Under the program, Mastercard will work with the companies for six months to help uncover ways in which they can leverage its technology, expertise and network to push their businesses forward. Mastercard said it aims to invest in solutions that help bring more people into the global digital economy, instill customer trust and deliver secure interactions.
Mastercard noted that the ongoing pandemic has triggered a surge in digital commerce, with the global market for FinTech products and services expected to grow to $310 billion by 2022.
“We all thrive when FinTechs have access to the technology they need to reach scale and democratize finances,” said Ken Moore, chief innovation officer at Mastercard, on Monday (Nov. 9). “We are partnering with the newest FinTechs joining Start Path to drive inclusion, innovation and trust with alternative ways to pay and authenticate, powerful solutions for small businesses, and new ways to create efficiency for business payments, as well as address the wealth gap.”
The latest Start Path class has 10 participants from around the globe: Carry1st, FISPAN, Lendio, LISNR, Mocafi, Mo Technologies, Panda Remit, Paycode, Fanbank/Plink and Subaio.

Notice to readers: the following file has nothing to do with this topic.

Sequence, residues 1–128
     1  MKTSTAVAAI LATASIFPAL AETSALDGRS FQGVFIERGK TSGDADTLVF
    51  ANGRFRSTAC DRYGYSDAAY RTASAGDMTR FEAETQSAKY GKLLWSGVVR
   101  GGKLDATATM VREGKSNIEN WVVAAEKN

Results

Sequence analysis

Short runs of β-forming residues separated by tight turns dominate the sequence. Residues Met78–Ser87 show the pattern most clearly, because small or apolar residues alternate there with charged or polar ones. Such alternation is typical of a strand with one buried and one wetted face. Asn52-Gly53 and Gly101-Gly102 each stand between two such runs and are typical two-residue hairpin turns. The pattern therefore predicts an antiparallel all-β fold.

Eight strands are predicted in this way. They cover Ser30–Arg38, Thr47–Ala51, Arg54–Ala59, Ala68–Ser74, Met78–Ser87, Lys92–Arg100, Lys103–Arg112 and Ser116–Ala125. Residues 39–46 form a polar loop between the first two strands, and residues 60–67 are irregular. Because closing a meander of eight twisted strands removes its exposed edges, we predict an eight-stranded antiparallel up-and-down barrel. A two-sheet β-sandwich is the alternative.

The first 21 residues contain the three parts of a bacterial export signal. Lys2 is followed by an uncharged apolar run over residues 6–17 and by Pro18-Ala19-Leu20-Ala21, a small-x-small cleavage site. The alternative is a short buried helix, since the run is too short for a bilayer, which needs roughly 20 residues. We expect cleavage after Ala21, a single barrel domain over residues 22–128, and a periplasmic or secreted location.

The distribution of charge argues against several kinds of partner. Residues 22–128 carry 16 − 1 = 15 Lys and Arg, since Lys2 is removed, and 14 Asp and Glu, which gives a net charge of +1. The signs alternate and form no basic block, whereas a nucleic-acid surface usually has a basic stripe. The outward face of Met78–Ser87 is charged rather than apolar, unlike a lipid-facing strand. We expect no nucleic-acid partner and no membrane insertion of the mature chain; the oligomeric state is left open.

Mastercard said the Start Path program will help participants scale their businesses by allowing them to connect with Mastercard’s vast global network of banks, merchants and technology partners. Roughly 250 startups have participated in the program since 2014, going on to raise $2.9 billion in post-program investment funding.
Mastercard has been very busy on the innovation front during the past few months. In May, the company announced it had launched an initiative called Recovery Insights, which provides tools and research data to help governments determine where to deliver aid and to help businesses fine-tune their operations during the pandemic.
In an interview with Karen Webster in May, Raj Seshadri, president of data and services at Mastercard, said Mastercard is making Recovery Insights available to streamline reopening and rebounding.
And in September, Mastercard said it was using its Ethoca fraud and dispute resolution technology to tackle “friendly fraud,” where customers claim they didn’t make a particular transaction because they are confused by how it appears on their credit card statements.